Time’s Monster by Priya Satia — Penguin India
It is famously said that history changes depending on whether it is written by the oppressed or the oppressor. It is this conflict that famed author Priya Satia delves deep into in her book Time’s Monster. Not only does history document but also decides the course of future events to follow. Not only does she explore the power bestowed upon historians to inadvertently contribute to policy-making, she also punctuates that narrative with thoughts of anti-colonial thinkers like Mahatma Gandhi, William Blake and E.P.Thompson. A book pertinent to our current times when history is being manipulated to suit personal narratives of powerful men, this book is definitely on our must-reads list.
26/11 Braveheart: My Encounter with Terrorists That Night by Praveen Kumar Teotia — Rupa Publications
Ex-commando Praveen Kumar Teotia was one of the Marine Commandos who entered the gates of Taj Hotel on that fated day of 26/11. Defending his countrymen and taking various injuries to his body, he was awarded the Shuarya Chakra soon after, and he went on to run marathons and even complete the Ironman championship despite his injuries. It is now that Theotia has decided to document the horrors of that horrific night when he fought of Lashkar-e-Taiba terrorists and saved lives that were held captive in that hotel. A spine-chilling read straight from the horse’s mouth, this book is one for keeps.
Right Under Your Nose by R. Giridharan — Rupa Publications
Science meets detectives in this new thriller by Giridharan where scientists are being murdered ‘right under the nose’ of the government and its forces, just as they are on the brink of an important discovery. A crime police Vijay and his journalist friend Padmini join hands with their trusted aide Dalvi to solve the mystery behind the slew of deaths that seem to occur without a trace of a suspect. Could be a fun addition to your quick reads this weekend if you happen to be a lover of thrill!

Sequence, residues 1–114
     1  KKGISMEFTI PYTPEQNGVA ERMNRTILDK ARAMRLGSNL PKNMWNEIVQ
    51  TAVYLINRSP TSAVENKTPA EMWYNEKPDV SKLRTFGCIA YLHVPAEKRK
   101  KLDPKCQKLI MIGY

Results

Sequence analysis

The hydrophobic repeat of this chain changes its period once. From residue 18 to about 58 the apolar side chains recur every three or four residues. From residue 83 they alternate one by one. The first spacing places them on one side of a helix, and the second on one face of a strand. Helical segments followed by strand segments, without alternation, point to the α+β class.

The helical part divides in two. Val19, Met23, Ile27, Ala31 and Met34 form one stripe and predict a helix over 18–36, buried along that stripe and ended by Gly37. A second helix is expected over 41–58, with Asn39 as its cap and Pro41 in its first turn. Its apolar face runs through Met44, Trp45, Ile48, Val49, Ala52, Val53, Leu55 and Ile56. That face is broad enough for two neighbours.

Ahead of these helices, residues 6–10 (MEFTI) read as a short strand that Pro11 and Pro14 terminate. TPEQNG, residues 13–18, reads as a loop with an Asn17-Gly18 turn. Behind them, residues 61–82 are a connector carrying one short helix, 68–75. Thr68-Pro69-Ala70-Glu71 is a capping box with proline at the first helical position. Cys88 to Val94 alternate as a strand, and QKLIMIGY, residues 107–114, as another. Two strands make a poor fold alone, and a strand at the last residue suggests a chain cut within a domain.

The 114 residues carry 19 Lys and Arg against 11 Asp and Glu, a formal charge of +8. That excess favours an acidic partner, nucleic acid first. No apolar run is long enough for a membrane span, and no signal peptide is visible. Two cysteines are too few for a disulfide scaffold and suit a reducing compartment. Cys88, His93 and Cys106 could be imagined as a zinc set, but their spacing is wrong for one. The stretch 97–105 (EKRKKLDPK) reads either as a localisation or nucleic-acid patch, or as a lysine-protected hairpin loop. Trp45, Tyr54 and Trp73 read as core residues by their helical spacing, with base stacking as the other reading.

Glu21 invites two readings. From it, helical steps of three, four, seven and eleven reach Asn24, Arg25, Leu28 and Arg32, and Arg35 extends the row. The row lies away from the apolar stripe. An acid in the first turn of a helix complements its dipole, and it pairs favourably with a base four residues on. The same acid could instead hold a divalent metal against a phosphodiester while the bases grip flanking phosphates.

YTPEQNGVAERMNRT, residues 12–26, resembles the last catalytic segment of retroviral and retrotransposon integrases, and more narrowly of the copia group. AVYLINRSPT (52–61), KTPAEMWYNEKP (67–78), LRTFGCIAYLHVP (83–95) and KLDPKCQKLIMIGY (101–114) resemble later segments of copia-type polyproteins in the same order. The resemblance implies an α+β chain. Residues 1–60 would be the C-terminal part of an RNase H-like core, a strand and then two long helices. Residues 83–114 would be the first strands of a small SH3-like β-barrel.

Phoolsunghi by Pandey Kapil, translated by Gautam Choubey — Penguin India
One of the first translations of a Bhojpuri novel to English, this is an attempt to spark a conversation around the need for translations to facilitate intra-cultural exchanges within India. Phoolsunghi by one of the most prolific writers of Bhojpuri and the founder of Akhil Bharatiya Bhojpuri Sahitya Sammelan, is a tale of love and passion in the times gone by where courtesans, music, mujras and mehfils made for a world — one that is so different and yet so emotionally same. Babu Haliwant Sahay, a zamindar with immense power, offers the captive life of luxury and respect to a Dhelabai, a tawaif of little repute. However, in the lap of this luxury, Dhelabai, who is liked to the Phoolsunghi bird who can never be held captive, is mesmerised by Mahendra Misir. A stellar set up with the right amount of excitement and enticing storyline makes this an anticipated launch this year.